That was the plan from the beginning and God “ain’t finished with us yet”. Don’t give up on yourself or others, pray, seek God’s will and way and day by day you will be more and more like Jesus.

AMEN!

Gentle Shepherd, Come and Lead Us

July 22, 2021

Midweek study with Pastor Edith
John 10:14

Jesus says that he knows his sheep as in John 10:14; “I am the good shepherd and I know my sheep and my sheep know me”.

This “Knowing” is more than a simple identification that there are sheep present, but he knows each sheep individually and as Psalm 95:7 says; “we are the people of his pasture, the flock under his care”.

This is a great comfort to me, and I pray it is for you as well, especially when you face difficult decisions or situations as you navigate this day. I read a short article in the recent Christian Living in the Mature years magazine written by Michelle J. Morris that made me stop and think about the reality of scripture in my life, especially when I don’t want to read it; “If one more person suggests to me that I should pray the Psalms, I may punch them in the face…That [sentiment] was probably as good a proof as any that I really needed to be praying the Psalms.

"I was in one of those dark nights of the soul when I felt deeply disconnected from God…if I am honest I didn’t want to talk to God. Really, what could God say to me anyway that would make me feel better?” Michelle goes on to share that there are just sometimes we can’t find the words to pray and so why not pray God’s word? I can relate to her frustration, especially when people expect me to be a 24/7 Bible Scholar and Prayer Warrior.

How about you? Are you walking through “the valley of the shadow” as in Psalm 23? Hold on, help is on the way. Try praying through a Psalm today, or at least part of one and if you find yourself among the shepherd psalms, remember, you can never stray so far that He can’t find you, and you can always trust that He cares for you even when you can’t feel it in the current moment.

Recently I sang a little lullaby to a hurting friend who requested a song. It comes from a hymn written by William Gaither in 1974 and is one I sang to my babies, and now to their babies ; “Gentle Shepherd, come and lead us, for we need you to help us find our way. Gentle shepherd, come and feed us, for we need your strength from day to day. There’s no other we can turn to who can help us face another day; Gentle shepherd come and lead us, for we need you to help us find our way”.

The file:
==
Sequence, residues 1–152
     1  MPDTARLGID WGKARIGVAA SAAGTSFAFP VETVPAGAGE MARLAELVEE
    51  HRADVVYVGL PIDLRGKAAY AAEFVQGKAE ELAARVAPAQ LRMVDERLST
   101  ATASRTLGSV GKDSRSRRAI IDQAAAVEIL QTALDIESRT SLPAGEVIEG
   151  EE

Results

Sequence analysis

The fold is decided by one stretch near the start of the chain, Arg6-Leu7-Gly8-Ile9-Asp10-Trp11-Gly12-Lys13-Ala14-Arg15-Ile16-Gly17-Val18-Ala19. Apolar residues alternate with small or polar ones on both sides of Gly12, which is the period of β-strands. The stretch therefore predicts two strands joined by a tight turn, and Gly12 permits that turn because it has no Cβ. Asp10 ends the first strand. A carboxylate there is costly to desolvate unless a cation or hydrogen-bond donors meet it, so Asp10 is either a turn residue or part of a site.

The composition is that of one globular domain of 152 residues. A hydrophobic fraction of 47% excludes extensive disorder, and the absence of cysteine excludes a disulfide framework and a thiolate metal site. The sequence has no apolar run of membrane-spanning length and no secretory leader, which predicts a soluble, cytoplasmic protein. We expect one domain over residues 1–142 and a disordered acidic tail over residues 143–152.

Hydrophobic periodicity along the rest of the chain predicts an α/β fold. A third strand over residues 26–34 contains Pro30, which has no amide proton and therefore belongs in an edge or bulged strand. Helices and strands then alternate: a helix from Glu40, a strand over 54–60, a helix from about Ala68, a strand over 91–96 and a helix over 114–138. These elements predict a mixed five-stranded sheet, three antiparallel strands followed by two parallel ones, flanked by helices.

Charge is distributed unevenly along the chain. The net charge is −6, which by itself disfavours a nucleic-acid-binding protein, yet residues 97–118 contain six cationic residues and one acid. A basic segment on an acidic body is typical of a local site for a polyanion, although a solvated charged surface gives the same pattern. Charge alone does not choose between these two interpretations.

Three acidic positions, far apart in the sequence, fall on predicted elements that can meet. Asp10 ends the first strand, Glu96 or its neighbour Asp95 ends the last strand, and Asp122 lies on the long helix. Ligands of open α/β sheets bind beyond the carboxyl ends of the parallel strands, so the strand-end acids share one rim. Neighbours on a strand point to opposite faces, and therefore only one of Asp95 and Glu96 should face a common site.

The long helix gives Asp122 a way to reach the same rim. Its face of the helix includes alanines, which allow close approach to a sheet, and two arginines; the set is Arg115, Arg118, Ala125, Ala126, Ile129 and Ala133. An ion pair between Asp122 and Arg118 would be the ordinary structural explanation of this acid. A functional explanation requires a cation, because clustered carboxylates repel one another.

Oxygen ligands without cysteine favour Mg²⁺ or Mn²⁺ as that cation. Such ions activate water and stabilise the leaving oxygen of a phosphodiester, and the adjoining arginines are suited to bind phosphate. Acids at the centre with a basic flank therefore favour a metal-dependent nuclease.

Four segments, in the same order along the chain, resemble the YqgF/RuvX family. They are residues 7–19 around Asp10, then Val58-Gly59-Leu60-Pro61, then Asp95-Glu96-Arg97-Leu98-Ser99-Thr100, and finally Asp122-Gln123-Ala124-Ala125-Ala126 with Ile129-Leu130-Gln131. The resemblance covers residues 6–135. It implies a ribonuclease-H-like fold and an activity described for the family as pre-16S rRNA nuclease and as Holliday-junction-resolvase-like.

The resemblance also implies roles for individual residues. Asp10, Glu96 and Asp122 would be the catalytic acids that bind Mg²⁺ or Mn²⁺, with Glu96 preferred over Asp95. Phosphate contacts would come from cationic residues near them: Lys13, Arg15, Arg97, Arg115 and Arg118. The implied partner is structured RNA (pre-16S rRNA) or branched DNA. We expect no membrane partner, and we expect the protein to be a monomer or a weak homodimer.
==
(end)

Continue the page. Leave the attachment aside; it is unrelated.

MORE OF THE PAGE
AMEN

Faith is the Victory

July 15, 2021

Midweek study with Pastor Edith
“Faith is the Victory” - 1 John 5:3-4

This past Sunday I wrapped up the Epistle of 1 John. In the “wrapping”, I discovered a challenge that I want to pass along to you; define for yourself what you perceive Faith to be, then use that same definition and examine how this applies to your faith in God, or absence of it. I’ve often used the acronym F.A.I.T.H. to help define my understanding of faith in God.

F=Forsaking
A=All
I=I
T=Trust
H=Him (God)

But, how would I define the simple word itself apart from a particular religious expression? I can have faith in the people I trust, I can have faith in those who govern over me (shaky as that may be), I can have faith in lot’s of things, but what makes faith, faith? My Websters New Collegiate Dictionary tells me, in part, that faith is “allegiance to duty or person…Loyalty…fidelity to one’s promises…firm belief in something for which there is no proof [that one stings a bit]…complete confidence…belief etc…”

FaithIt seems the more I ponder my faith, the more I consider the visible witness of my faith (or lack thereof). For example: I have faith that God, who created me and everyone and everything around me, will see me through this life and has provided a promise for eternal life with him in Christ Jesus. So, why am I so prone to worry, or to be anxious or frustrated and on a really bad day, to feel alone? How about you? Have you ever been with someone you perceived to be of great faith at a time when their life is unravelling? What was your experience? Were you surprised at their response to the situation? How do you typically respond, or perhaps a more realistic word would be react?

1 John 5:3-4 tells us; “This is love for God; to obey his commands. And his commands are not burdensome, for everyone born of God overcomes the world. This is the victory that has overcome the world, even our faith”. Another great passage for defining faith in God is Hebrews 11:1: “Now faith is being sure of what we hope for and certain of what we do not see”. I think that helps me deal with Webster’s idea that faith is “a belief in something for which there is no proof”. And yet, I look all around me and see a marvelous and ordered creation that I can’t help but believe was created by a loving, providing God. I listen and hear birds sing beautiful songs, I hear my grandchildren say they love me and my heart sings.

So, to wrap up this rambling, I want to simply encourage you to take some time this week and consider what faith means to you, and how you might grow in your faith so as to be an encouragement to someone else. Meltdowns are allowed, but keep in mind, there is someone who can help you mold it back together, maybe, just maybe, the you that comes out of it will be even more bold and beautiful!

AMEN!